In The Way of Perfection, Teresa of Avila explains how contemplation can arise from verbal prayer. She mentions several repetitive prayers she has personally found helpful, especially the “Our Father”, or Lord’s Prayer. Over a number of chapters, she then elaborates on her understanding of that prayer, and I cannot help but hear in her writing the depth of her prayer life and the love she has for her Lord. She begins with the following words,
“Our Father, which art in the heavens”. My Lord, how fittingly you reveal yourself as the Father of such a Son. How fittingly your Son reveals himself as the Son of such a Father. May you be blessed forever and ever. Shouldn't a favour as great as this one come at the end of the prayer? Here at the beginning, you fill our hands and grant us so great a favour that it would be a great blessing if our understanding would be filled, and our will be occupied. We would thus be unable to say another word. How appropriate perfect contemplation would be here. How right the soul would be to enter into itself, so it could rise above itself and so that this holy Son might show it the nature of the place where he says his Father dwells in the heavens.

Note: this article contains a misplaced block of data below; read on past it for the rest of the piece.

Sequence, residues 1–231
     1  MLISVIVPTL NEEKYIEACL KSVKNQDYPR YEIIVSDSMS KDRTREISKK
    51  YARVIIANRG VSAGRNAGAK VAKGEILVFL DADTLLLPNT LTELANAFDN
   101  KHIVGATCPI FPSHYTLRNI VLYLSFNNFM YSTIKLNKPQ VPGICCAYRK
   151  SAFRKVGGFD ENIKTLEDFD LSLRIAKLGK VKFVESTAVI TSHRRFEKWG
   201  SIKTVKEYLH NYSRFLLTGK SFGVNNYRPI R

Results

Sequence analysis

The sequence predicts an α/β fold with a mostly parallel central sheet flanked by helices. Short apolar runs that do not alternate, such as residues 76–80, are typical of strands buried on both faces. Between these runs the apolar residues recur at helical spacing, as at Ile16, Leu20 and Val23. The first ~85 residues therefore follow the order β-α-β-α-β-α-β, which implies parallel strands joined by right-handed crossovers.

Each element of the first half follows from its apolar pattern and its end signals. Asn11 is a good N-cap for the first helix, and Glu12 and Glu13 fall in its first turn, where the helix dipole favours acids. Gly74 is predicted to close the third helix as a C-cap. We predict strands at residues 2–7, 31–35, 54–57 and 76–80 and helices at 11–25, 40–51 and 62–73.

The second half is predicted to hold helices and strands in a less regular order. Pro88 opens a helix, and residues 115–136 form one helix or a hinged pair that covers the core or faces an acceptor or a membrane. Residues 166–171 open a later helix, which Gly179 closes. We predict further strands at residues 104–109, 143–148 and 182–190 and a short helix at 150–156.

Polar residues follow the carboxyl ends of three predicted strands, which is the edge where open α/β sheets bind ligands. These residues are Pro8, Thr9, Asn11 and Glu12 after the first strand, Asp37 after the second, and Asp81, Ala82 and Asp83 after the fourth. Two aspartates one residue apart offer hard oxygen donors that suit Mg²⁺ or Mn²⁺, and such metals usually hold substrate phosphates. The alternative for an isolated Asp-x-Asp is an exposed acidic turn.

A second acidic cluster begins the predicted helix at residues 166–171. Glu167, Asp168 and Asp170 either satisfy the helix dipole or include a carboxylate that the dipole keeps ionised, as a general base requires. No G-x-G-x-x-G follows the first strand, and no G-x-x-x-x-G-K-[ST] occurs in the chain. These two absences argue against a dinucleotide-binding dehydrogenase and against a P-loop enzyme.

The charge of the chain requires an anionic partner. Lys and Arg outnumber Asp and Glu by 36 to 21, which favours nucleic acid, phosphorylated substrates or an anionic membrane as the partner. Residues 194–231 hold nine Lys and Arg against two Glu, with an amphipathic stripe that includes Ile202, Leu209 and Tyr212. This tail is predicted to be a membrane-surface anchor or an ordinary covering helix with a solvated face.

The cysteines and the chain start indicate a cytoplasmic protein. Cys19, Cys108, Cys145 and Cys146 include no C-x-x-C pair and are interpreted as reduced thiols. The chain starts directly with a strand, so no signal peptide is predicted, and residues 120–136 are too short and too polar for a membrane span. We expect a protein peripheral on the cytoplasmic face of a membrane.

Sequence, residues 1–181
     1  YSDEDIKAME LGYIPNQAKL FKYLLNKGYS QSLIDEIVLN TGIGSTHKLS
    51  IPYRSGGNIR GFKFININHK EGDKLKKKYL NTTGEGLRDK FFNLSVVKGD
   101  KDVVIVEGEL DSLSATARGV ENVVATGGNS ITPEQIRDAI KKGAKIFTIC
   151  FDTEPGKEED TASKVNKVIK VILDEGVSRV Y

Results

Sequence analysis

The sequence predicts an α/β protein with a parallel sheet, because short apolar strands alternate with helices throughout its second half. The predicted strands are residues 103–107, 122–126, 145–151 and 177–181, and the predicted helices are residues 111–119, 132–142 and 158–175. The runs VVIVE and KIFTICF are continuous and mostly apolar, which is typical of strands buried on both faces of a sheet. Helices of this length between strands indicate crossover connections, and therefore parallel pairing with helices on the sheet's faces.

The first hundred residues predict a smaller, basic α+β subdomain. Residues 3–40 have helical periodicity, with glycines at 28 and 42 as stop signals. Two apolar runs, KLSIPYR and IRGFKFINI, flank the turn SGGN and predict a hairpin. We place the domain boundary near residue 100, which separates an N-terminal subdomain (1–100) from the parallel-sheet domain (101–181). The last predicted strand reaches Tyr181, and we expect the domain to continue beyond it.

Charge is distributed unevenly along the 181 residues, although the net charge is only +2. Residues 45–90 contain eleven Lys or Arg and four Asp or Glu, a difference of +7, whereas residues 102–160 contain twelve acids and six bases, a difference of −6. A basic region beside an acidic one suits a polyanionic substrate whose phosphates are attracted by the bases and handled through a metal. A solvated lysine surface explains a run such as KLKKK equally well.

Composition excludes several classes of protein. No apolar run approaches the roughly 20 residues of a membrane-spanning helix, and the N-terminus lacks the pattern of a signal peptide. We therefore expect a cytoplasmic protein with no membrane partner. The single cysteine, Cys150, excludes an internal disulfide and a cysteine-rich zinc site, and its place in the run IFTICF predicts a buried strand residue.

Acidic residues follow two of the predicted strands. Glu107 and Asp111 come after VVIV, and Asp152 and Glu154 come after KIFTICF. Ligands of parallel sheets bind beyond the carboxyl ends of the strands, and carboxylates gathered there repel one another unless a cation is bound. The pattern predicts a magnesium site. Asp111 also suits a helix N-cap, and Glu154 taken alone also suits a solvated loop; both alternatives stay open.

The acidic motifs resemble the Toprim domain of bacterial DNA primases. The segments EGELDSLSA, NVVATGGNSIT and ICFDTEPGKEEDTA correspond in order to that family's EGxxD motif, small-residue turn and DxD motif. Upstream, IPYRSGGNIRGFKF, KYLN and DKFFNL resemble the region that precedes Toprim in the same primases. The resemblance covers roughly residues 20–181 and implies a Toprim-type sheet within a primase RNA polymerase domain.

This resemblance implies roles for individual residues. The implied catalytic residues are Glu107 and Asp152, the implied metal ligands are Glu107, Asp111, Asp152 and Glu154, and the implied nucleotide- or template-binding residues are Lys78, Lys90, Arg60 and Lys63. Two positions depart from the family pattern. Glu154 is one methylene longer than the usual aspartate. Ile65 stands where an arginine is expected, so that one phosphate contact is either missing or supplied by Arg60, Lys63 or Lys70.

Teresa goes on to speak of how wonderful it is that we are also children in this great family, and that the love between the family members is fully ours because of our inclusion through Jesus our Brother. May you this week have a sense of being a member of this wonderful, loving family, and may it lead your soul into joyful contemplation.
16 May 2023
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